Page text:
A job description isn't a legal requirement, however the very minimum an employer should provide an employee on their first day is a written statement of particulars which details the job title and a brief description of duties. However, it is good practice to provide your employees with a full job description as this gives them a framework within which they can work and allows you to manage expectations on both sides and performance.
Generally, in the HR arena, if it's not written down it didn't happen. Ergo, if you don't clearly define your expectations in a written format to your employee, they can argue they are unaware of your requirements. This only poses a problem when things are going wrong, but all too often this is where small business owners in particular come unstuck. As small business owners we want to foster an environment of trust and flexibility and keep that "family" culture, and formalising things in a written format doesn't give you that warm and fuzzy feeling does it? However, setting clear expectations reduces confusion and benefit not only your employee but you and your business as a whole.
Another time a job description is useful is when you're thinking about hiring someone. It helps you define exactly what you're looking for in a new hire and helps you write a clear and concise job advert.
Writing a job description doesn't have to be "war and peace", and here are some simple guidelines which will enable you to make a template for future use.
Make this clear and reflective of the role. It's easy to think of fancy titles we think might attract people to the role but if the title isn't reflective of the what the role is actually about it can lead to confusion and disappointment.
Who/what role is it reporting into?
Does this role report into you, or someone else, and what is your/their role?
What are the main tasks and responsibilities?
Here you can detail in a bullet point list, what the key activities will be, and the things that are particularly important to you as a business. You don't have to get right into the minutia of each day, covering the main tasks is sufficient. Many job descriptions have a "Any other tasks as reasonably required" point which can cover ad hoc activities etc.
Will this role have any other roles (not people, think about it as roles, it makes it easier to keep up to date)
Here you can detail any specific qualifications the role requires, whether it's essential that the role holder is already qualified, or can be working towards achieving. Are you happy if they are qualified by experience (QBE)?
It's very common for a job description (or an advert) to state a number of years experience in a similar role. Rather than pull a number out of thin air here, know why you need to have 5 years of experience, for example. What will you get with 5 years that you can't learn in two years?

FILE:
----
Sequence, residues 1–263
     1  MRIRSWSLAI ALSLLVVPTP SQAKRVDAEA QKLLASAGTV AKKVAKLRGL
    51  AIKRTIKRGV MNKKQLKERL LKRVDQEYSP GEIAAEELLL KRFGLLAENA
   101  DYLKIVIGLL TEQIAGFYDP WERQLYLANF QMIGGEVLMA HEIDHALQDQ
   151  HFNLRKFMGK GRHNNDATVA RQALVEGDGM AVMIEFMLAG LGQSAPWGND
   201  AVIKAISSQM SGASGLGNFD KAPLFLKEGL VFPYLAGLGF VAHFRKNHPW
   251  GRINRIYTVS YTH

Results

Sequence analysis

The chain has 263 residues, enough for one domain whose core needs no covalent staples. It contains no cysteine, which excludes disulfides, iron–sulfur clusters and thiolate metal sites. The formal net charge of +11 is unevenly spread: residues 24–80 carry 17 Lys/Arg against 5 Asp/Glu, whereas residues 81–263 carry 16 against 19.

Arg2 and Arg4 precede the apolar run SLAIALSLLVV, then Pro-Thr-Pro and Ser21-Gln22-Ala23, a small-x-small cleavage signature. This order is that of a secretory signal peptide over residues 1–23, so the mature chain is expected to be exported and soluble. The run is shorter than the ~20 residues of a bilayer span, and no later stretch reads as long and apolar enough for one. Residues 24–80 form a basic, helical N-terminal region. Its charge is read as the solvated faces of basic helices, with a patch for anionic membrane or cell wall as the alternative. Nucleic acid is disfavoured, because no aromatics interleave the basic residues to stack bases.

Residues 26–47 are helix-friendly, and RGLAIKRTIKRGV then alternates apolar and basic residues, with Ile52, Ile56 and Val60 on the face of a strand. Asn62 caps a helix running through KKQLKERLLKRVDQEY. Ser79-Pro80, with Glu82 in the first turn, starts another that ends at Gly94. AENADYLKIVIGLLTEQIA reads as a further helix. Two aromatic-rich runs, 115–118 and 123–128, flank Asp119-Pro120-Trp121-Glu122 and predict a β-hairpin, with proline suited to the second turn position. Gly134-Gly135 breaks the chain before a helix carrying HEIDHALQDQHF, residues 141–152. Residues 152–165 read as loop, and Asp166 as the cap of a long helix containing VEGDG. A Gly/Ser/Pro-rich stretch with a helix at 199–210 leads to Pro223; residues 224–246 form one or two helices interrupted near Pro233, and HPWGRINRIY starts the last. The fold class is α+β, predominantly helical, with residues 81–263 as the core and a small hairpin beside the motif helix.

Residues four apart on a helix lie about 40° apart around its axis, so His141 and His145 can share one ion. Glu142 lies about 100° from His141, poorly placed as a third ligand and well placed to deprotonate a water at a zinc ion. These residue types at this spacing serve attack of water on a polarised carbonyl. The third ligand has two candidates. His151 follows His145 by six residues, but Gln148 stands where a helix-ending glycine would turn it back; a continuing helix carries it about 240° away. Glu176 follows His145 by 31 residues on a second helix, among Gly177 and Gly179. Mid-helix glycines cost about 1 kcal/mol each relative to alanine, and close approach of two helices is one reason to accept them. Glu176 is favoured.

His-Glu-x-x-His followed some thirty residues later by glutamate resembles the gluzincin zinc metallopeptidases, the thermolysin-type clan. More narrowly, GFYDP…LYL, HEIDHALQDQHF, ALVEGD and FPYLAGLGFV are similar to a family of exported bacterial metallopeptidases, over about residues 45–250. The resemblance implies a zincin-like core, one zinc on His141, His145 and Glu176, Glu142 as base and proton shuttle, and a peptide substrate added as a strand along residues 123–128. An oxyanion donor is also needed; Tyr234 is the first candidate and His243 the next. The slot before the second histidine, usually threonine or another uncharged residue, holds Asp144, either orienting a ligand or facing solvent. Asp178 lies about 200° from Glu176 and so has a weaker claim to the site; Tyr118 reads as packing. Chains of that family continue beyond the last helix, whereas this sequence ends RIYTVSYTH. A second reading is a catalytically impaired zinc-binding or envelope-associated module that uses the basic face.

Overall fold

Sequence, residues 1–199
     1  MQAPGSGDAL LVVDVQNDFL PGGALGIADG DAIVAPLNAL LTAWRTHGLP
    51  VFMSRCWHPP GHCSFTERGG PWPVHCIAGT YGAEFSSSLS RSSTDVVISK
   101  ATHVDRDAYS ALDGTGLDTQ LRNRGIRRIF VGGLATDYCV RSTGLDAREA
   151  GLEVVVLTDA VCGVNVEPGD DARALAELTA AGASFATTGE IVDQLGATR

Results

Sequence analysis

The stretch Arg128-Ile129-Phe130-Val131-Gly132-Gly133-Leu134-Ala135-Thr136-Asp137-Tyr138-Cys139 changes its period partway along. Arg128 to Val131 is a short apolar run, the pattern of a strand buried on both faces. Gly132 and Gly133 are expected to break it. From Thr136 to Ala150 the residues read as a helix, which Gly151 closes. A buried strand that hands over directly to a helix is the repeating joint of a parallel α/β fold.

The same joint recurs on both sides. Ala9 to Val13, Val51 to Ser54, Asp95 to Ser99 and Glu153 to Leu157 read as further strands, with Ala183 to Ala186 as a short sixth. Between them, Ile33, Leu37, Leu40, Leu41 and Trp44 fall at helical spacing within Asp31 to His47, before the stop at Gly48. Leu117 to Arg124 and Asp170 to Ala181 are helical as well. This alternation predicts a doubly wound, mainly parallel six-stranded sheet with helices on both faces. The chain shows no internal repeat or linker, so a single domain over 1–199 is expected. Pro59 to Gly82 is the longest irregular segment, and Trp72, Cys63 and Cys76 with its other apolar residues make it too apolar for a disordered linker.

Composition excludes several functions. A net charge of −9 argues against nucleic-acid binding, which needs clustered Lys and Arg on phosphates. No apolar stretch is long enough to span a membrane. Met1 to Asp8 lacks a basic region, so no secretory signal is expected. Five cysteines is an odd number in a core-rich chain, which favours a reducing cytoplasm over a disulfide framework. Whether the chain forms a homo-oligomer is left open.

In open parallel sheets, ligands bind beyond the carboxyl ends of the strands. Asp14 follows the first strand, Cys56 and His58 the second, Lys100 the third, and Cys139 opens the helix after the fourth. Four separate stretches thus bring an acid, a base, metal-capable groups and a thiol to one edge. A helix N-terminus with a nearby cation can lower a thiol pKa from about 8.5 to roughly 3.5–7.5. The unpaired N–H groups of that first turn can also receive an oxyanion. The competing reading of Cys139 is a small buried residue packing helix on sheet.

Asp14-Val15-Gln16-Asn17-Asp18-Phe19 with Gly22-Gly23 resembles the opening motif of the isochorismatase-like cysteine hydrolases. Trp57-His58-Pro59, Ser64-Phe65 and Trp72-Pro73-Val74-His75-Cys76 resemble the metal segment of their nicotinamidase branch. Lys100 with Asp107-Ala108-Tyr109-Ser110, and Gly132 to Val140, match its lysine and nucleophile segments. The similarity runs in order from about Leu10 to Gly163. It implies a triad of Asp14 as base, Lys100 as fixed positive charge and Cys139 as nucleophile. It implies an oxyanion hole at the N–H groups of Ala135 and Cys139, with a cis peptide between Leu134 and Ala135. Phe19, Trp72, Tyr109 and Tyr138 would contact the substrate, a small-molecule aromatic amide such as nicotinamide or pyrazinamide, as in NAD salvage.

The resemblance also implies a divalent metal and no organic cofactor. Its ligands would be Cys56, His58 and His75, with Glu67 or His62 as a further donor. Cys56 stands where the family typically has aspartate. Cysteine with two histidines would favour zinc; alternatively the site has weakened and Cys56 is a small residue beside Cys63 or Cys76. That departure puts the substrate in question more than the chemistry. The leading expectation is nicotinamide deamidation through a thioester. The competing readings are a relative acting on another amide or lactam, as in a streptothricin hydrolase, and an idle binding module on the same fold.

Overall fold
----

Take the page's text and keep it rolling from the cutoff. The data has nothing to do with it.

Soft Skills (Competencies)
Soft skills are so important. A person could be the highest qualified person in the country, in their particular field, but that's no good to you at all if they can't talk to people at a senior level, and the key requirement of you role is that they develop business for you. Consider whether you need your ideal person to be organised, work to deadlines, tidy, great at writing newsletters - the list is pretty endless.
Key Performance Indicators or KPIs
This section you should only include if you are actually going to measure performance against what you include here. It's a brilliant tool for informing performance reviews and decisions around pay increases. For example, if it's important that all customer enquiries are responded to within 24 hours, then include it here. Review it on a regular basis and give feedback - good or bad - and let your employee know how they're doing.
Use these tips to create a job description template
The tips above will help you write a good job description. Once you’ve done one , you can use that as a template. That way, you should only have to change the role's details each time you hire someone new. Or you can use our free simple job description template.
A final point to note is that now you have your job description it's not entirely rigid. Whilst it shouldn't change on a weekly basis it's worth reviewing annually, with your employee, to see if anything has changed. Or it may be that your business requirements have changed and therefore the role has different responsibilities. If it has, discuss with your employee, update the job description and make sure your employee acknowledges the changes.
Whilst every care has been taken in compiling this information, My Office Fairy Ltd cannot be held responsible for any errors or omissions and the information is not intended as a substitute for specific legal advice.
If you need support with anything discussed above, or any other aspect of your business, My Office Fairy are here to help so just get in touch.